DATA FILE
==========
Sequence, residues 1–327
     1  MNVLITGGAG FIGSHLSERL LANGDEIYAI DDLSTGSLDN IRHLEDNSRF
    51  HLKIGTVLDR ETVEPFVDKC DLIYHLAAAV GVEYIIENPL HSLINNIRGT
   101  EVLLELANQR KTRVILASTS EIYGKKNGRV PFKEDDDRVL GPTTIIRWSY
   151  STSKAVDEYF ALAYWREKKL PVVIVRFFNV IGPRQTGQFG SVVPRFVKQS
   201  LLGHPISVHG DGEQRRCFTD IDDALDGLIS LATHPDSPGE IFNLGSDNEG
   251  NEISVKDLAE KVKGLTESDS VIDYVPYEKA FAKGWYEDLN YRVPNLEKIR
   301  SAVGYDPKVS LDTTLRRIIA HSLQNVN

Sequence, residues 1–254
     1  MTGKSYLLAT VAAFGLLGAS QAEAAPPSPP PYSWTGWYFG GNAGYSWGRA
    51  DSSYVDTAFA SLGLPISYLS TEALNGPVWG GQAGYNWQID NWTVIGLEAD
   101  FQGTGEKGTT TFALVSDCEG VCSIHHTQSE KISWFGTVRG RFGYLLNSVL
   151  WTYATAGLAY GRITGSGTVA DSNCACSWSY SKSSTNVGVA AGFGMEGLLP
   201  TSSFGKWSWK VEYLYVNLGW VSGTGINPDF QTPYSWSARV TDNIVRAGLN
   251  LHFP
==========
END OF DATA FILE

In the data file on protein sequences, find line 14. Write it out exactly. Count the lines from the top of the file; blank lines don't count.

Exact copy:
   201  TSSFGKWSWK VEYLYVNLGW VSGTGINPDF QTPYSWSARV TDNIVRAGLN